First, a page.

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First Aid Guide to All types of Burns

Around 50,000 people present to a hospital with a burn-related injury each year here in Australia. Burns and scalds can come in many forms and from various sources. Would you know what to do if you needed to treat a burn? If you answered no to that question, we can help! In this post, we’ll share some basic information on burns and how to treat them.

Burn injuries

Burns can be caused by many things, here are some of the more common ones:

  1. Heaters
  2. Fire
  3. Hot water
  4. The sun
  5. Frypans and pots
  6. Candles
  7. Stoves tops and ovens
  8. Hot water bottles
  9. Hair straighteners and curlers
  10. Hot drinks

Scalds and burns, is there any difference?

You’ve likely heard or used the terms scalds and burns interchangeably, but is there any difference between the two? In fact, they are both burn injuries however, a scald is caused by a source that is wet. For example, hot coffee or steam. A burn is caused by a heat source such as fire or an iron. While the injuries come from different forms of heat, the treatment is the same. The most common type of burn injury is a scold, and both burns and scalds are primarily sustained at home. This is because many daily household items are high-risk for this type of injury, for instance, kettles, irons, fry pans, heaters etc. While most try to be cautious when handling these, accidents still happen.

Ways burns are sustained

Burns can be sustained in five distinct ways. They are:

  1. Electricity
  2. Friction
  3. UV radiation
  4. Chemicals
  5. Hot liquids

The different types of burns are:

Burns are categorised into three different types.

First-degree burn/superficial

First degree burns are considered the least serious of the three. They are defined as damage to the outer layer of the skin (the epidermis). Symptoms associated with this type of burn include pain at the wound site, redness, and dryness. Permanent tissue damage from a superficial burn is rare. An example of this type of burn would be sunburn.

Second-degree burn/partial thickness burns

A second-degree burn is more severe than a first-degree burn, and the injury penetrates past the first layer of skin and down to the second (the dermis). It is considered more serious because the damage extends past the superficial layer and deeper down. The risk of infection is higher as second-degree burns are more susceptible to bacterial infections. Symptoms expected with this type of burn are redness, pain, blistering, peeling, and swelling. The wound may seep a yellowish tinged liquid.

Third-degree burn/full-thickness burns

The most severe of all burns is a third-degree burn. They ravage both the epidermis and dermis as well as the subcutaneous tissue in some instances. The site of the wound may appear charred, blackened or even white. The white is usually exposed fatty tissue. The pain is less as the nerve endings are destroyed. Symptoms include swelling and a dry and leathery skin texture. This type of burn heals slowly as the epidermis and hair follicles are obliterated, and new skin cannot grow here. Often, they will get infected, and they heal poorly without adequate medical treatment.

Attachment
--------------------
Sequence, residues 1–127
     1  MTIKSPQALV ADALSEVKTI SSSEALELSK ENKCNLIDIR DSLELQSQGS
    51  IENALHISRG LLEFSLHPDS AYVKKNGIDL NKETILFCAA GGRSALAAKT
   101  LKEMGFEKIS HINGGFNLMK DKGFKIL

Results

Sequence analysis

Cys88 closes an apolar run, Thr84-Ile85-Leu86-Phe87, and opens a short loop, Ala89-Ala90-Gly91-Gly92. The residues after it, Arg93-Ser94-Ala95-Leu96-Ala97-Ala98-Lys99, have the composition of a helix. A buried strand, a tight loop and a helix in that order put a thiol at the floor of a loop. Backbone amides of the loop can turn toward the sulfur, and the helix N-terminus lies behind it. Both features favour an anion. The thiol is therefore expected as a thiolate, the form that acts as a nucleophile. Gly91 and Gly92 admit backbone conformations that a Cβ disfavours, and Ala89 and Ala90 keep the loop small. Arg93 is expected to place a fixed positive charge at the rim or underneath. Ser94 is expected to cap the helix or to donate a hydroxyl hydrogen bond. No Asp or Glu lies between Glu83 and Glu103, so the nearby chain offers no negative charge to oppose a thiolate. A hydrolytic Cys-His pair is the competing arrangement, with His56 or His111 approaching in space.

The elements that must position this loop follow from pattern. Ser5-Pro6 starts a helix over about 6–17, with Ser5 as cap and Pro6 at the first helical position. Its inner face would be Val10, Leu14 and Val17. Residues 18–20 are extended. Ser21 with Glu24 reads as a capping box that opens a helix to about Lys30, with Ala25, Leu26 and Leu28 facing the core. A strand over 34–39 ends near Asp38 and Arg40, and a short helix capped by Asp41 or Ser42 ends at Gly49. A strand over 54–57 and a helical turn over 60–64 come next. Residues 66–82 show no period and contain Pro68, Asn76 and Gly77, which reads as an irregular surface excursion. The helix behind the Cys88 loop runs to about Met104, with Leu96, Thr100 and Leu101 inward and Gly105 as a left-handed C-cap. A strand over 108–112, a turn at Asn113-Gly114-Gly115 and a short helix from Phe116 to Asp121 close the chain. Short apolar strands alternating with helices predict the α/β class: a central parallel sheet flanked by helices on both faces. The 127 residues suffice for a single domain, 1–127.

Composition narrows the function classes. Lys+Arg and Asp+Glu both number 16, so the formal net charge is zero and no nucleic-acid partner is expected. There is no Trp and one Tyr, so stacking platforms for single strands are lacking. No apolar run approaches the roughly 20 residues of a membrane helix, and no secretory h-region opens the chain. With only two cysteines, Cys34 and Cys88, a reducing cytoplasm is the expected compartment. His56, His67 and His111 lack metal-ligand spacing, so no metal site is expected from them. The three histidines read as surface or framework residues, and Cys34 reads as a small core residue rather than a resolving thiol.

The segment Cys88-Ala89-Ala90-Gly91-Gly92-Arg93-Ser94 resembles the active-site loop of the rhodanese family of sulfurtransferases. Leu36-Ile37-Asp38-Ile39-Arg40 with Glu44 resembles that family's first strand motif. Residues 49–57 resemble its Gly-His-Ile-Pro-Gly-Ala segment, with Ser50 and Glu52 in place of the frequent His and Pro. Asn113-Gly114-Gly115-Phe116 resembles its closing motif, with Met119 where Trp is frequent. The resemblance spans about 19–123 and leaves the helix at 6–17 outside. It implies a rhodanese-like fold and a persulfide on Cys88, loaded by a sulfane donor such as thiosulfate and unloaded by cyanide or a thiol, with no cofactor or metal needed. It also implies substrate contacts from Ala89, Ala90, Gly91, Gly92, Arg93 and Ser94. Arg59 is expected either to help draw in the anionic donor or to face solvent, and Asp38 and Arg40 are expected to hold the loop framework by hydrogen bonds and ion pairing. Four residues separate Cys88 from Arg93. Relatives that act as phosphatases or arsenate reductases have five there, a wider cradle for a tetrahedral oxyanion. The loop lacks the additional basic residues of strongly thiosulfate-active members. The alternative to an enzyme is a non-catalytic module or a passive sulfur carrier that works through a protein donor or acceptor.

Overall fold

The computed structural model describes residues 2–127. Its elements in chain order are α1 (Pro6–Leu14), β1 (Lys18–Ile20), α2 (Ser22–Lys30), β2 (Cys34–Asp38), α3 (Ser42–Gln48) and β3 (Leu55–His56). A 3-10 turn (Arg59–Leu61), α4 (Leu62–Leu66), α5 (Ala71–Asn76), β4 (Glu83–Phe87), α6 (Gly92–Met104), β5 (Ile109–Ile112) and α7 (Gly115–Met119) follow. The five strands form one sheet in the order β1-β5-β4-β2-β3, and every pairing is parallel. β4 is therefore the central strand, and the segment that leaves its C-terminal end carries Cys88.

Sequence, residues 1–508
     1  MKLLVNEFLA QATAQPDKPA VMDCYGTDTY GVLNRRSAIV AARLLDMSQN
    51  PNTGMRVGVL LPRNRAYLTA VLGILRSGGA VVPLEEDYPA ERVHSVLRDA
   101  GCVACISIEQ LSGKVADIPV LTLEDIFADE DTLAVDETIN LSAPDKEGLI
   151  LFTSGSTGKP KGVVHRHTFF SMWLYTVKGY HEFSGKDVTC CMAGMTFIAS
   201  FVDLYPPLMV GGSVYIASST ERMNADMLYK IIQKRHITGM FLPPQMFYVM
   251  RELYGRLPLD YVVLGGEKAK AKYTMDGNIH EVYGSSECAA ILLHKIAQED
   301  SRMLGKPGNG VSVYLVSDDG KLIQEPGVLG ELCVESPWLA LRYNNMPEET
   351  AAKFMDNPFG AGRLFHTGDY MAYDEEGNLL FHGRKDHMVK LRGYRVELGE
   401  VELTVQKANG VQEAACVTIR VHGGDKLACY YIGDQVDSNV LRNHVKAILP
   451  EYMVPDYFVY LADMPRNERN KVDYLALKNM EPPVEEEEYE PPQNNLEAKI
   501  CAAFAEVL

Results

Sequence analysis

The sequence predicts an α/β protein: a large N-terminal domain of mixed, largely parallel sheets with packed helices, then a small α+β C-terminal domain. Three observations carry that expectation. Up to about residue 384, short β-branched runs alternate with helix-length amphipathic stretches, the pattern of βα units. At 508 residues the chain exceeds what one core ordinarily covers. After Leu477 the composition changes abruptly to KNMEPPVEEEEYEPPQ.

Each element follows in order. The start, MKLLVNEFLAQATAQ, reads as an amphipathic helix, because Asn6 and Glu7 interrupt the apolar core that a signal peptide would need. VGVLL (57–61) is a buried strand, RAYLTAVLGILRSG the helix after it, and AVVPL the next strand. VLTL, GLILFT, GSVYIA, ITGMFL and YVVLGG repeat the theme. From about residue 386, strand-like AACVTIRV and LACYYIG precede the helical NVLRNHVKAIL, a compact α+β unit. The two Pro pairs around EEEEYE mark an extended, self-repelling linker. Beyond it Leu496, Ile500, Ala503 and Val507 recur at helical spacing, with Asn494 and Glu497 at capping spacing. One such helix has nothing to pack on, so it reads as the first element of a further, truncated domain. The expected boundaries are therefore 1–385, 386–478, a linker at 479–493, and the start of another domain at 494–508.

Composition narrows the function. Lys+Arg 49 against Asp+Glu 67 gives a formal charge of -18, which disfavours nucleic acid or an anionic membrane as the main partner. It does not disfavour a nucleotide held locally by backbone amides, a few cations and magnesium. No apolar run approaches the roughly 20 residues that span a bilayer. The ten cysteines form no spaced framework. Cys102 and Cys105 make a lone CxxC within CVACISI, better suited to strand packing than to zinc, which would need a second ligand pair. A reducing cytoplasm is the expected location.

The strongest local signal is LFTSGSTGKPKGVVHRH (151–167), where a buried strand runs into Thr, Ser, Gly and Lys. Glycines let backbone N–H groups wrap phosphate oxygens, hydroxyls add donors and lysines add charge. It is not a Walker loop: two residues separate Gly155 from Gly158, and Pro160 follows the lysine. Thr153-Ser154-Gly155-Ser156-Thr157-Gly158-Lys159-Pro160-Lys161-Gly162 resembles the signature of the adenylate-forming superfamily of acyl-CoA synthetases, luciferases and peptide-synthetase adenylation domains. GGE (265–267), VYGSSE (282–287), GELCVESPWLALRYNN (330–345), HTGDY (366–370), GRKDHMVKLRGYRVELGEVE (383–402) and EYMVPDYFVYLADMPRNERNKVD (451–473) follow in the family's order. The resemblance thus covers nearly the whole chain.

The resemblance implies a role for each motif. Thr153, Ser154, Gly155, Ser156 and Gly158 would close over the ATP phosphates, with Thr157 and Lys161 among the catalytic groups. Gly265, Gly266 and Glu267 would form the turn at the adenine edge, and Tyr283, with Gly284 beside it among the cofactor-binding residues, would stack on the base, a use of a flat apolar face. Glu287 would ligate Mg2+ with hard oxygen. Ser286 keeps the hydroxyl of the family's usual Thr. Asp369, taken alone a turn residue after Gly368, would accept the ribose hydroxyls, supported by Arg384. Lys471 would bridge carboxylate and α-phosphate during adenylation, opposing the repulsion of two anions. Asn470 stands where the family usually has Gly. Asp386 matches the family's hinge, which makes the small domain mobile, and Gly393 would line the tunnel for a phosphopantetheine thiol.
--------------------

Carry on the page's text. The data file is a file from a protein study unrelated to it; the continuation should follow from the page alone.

The following first aid treatments should only be used for minor burns. Those who have sustained major burns should always seek medical help by calling 000. They are considered serious and need urgent attention.

How to apply first aid to minor burns

Minor burns can usually be treated at home with no medical intervention. The objective is to manage pain, prevent scarring, and minimise the risk of infection.

All types of minor burns can be treated by:

  1. Removing any jewellery near the burn area if it is safe to do so. The same applies to clothing/nappies etc that are not stuck to the skin. If they are stuck to the skin, it is likely the burn is more serious and may require medical attention.
  2. Run cool water over the burn site for approximately 20 minutes. Do not use ice, warm water, or creams, as these can worsen the injury.
  3. After 20 minutes, cover the burn with a clean and sterile dressing that is non-stick.

If the burn is:

  1. Located on the hands, groin, or face
  2. Sustained from chemicals or electricity
  3. Looks deep
  4. Bigger than a 20-cent piece
  5. Infected

You should seek medical advice.

Do not use the following on burns or scalds

  1. Ice
  2. Butter
  3. Lotions
  4. Warm water
  5. Cotton balls
  6. Food items of any kind

We hope this post has given you an idea about burns and scalds and what you should do if you ever have one or are nearby when someone else gets injured.

To learn more about burns, we highly recommend taking a first aid course. In your training, you will learn how to respond and treat burns from various substances and degrees with confidence. While we all hope we’ll never have to use such skills, you never know when you will be confronted with a situation like this and knowing what to do can promote optimal health outcomes and reduce the risk of infection.

We’re a registered training organisation here at Paradise First Aid, and we specialise in first aid and emergency care courses right across the Gold Coast and South East Queensland. If learning first aid is something you’re interested in, contact us today. With three convenient locations and various classes during the week, learning has never been easier.